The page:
Another Look at Choosing Stillness over Action–and What Happens Next?

I first published this piece in February of 2019, a little over one month before our lives forever changed in the face of Sean’s diagnosis. I wanted to present it again now, in May of 2020, as we both celebrate Sean’s wellness, and also discern how to manage macro and micro fear and anxiety in the face of global pandemics.

As I write this introduction, I experience a kind of almost inexpressible strangeness. It’s somehow ominous, reading the words I wrote a year ago about worry and adversity, literally on the brink of being hurled into suffering I had never even imagined would touch my experience, let alone shape it. It’s the kind of feeling we have when we’ve been in a car accident and recall what we were doing or saying or what music we were listening to on the radio just moments before everything changed. This is an eery, strange sensation. Maybe we look there to try and make sense of the trauma. Maybe we are trying to control our reaction. Maybe we are even trying to change the outcome–as if that were possible.

What I am able to understand now, though, as I revisit what I was pondering on the eve of Sean’s diagnosis, is that the movement towards greater clarity and discernment is the very essence of life. We break open, fill the emptiness or the wound with salve, heal, and then break open again. And we do this, not at the same place, not at the place of the most recent wound, but at a different one. It might feel like the same one, but it’s not, for we have grown since the last breaking open.

When I wrote these words, searching for clarity and understanding in 2019, I of course, had no idea of what was to come. But what I am able to see now is that I was, even then, undergoing this continual reaching and leveling up, breaking open and healing. When Sean was diagnosed, I wasn’t prepared for adversity, but I was ready for it. In a strange, beautiful, mystical way, I was indeed ready. And as Abraham says, living an awakened, conscious life is the willingness to “be ready to be ready to be ready….”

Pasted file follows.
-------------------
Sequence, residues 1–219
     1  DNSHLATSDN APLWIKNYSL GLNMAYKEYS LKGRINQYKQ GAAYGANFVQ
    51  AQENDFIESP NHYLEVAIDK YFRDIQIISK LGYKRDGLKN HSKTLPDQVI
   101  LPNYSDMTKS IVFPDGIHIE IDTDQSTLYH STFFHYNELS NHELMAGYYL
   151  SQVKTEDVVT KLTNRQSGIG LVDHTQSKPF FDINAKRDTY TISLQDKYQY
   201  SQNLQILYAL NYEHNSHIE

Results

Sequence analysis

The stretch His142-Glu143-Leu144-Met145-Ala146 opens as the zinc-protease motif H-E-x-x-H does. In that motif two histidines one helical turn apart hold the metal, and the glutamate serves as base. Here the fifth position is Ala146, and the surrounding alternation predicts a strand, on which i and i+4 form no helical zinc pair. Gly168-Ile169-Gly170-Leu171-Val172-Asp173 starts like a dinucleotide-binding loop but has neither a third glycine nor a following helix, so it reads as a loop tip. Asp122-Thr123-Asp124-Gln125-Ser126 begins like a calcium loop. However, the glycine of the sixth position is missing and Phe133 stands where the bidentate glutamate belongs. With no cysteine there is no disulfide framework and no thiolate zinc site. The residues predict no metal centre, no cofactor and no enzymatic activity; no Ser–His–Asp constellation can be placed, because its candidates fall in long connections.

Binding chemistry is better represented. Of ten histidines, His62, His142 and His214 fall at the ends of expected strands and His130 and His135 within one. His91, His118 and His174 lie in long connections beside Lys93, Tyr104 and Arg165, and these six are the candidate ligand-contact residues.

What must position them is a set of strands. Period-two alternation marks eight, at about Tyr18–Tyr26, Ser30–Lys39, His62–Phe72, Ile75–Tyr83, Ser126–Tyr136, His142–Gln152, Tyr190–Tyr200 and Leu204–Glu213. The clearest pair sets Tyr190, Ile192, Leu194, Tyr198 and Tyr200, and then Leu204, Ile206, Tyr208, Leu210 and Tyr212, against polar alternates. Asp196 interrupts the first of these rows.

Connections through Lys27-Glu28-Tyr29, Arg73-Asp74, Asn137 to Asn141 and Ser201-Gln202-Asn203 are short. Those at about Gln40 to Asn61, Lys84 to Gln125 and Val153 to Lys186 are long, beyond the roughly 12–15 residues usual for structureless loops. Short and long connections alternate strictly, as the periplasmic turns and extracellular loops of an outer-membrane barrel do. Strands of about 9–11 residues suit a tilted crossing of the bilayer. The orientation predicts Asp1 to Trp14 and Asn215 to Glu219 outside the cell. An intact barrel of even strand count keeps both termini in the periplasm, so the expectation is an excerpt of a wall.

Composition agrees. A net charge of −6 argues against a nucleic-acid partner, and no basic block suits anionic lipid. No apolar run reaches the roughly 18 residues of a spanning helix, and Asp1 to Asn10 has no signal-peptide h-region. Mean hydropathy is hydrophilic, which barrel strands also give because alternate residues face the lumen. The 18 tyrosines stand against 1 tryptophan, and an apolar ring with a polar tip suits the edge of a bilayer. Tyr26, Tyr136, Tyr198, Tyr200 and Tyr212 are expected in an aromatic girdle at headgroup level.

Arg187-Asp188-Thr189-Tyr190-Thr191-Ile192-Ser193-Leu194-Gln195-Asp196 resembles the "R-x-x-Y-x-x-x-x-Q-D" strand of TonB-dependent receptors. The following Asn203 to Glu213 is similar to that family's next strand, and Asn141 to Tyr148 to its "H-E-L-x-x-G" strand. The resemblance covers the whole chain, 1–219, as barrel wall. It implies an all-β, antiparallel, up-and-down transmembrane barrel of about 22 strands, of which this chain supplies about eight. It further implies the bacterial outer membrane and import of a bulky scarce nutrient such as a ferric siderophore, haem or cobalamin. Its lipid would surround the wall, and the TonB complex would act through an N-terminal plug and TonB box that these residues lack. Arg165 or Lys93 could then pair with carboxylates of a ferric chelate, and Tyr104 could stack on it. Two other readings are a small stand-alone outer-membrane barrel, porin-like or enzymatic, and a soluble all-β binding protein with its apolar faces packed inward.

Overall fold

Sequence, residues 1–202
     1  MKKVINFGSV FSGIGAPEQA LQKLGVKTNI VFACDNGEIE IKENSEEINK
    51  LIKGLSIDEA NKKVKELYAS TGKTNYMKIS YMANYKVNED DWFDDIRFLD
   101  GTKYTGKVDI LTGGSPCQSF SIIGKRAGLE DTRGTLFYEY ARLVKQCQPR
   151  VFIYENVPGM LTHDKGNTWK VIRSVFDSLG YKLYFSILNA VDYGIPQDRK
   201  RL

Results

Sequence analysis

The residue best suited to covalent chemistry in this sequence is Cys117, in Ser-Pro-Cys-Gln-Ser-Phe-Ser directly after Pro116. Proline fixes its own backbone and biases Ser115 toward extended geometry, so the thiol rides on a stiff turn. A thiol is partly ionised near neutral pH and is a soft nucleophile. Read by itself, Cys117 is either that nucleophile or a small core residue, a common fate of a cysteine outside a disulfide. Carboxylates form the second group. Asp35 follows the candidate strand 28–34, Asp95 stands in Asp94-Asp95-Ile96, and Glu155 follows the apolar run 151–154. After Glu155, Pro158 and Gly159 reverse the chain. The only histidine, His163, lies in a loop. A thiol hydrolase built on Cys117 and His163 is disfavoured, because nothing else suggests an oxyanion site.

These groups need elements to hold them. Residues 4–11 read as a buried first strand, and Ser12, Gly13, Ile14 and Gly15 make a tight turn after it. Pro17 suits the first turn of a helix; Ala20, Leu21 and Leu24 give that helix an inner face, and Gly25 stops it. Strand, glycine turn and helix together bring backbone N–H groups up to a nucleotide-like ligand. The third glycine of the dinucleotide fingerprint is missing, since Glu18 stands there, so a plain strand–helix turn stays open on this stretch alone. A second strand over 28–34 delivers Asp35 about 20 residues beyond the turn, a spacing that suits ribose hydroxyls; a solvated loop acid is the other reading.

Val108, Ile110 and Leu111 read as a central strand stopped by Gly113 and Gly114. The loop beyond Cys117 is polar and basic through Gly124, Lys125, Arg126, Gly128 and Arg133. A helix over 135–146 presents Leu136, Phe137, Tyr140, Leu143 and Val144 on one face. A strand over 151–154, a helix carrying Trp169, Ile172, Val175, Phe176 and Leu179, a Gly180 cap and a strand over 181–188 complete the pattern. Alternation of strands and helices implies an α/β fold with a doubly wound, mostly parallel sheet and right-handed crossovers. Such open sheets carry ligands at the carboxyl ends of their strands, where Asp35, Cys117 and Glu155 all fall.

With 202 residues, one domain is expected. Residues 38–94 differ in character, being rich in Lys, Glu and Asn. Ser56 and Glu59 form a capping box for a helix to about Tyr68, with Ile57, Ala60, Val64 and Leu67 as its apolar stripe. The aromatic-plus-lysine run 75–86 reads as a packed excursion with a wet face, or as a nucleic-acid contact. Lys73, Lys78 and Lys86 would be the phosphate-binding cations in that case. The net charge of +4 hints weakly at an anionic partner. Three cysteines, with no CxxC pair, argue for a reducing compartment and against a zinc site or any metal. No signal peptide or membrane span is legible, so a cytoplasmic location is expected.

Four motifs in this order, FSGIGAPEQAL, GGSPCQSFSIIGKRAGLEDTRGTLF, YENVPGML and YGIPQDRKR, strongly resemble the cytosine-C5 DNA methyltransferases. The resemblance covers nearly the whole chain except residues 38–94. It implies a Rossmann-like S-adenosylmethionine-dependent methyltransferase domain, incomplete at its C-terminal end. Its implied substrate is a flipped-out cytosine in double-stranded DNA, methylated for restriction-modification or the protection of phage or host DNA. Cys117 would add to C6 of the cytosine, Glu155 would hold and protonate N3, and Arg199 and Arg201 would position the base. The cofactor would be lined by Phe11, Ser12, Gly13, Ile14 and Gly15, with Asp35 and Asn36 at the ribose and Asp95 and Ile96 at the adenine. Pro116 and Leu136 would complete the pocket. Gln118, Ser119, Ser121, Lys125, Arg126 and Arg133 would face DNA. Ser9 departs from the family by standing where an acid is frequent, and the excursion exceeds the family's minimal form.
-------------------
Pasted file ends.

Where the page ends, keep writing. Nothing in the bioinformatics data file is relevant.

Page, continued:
That’s all we can really do, isn’t it? And so this is what I commit to everyday: staying open, living open- and whole-hearted. I’m not always successful and don’t actually want to be. The contrast is the seed of evolution. So we continue to face forward and choose alignment whenever possible. Who knows what will come of that?

I have been thinking a lot lately about how to manage my desire, and feeling like I need, to act in the face of adversity versus just being. Sometimes I call this surrendering. Sometimes I call it just accepting the “as is.” Regardless, though, of what I name it, the ability to be still in the midst of chaos comes from embodying the essence of the “I am.”

To be able to rest in the “I am” is to identify with Divine oneness, God, Source, light that lives in all of us. From here, we can choose to take action, which is sometimes warranted, or we can remain still and silent.

The latter choice is the one I’m pondering now. The desire to react and even respond in the face of an attack or criticism or unkind deed by another is so strong. We want to retaliate, to speak up, to be right. But here’s the thing; just because we’re right, or feel we are, doesn’t necessarily mean we should take any action at all. And this is the tough part, because we live in a world in which we are defined by our doing, not by are being.

In light of this desire to further understand stillness in the presence of chaos, this passage shown here from the Tao resonates deeply with me.

“Because [the Master] doesn’t display himself, people can see his light.” The one who remains still is enlightened. Even in the midst of others’ loud or aggressive egos, the Master rises above the din, not because he is louder, but because he is quiet.

“Because he has nothing to prove, people can trust his words.” Again, when he acts or speaks out of his essence rather than ego, he is trustworthy, because he accepts the “as is;” others’ approval of is inconsequential.

“Because he doesn’t know who he is, people recognize themselves in him.” In other words, because he is not fixed to any dogma, belief, or institution, others can easily identify with him and thus feel an intimate connection, a oneness with him.

These passages are elegant and deeply inspiring. As I continue to evolve into my own wholeness, as my triggers lessen, as my desire to be right and to react diminishes, the Tao comforts and inspires me. This is the way.

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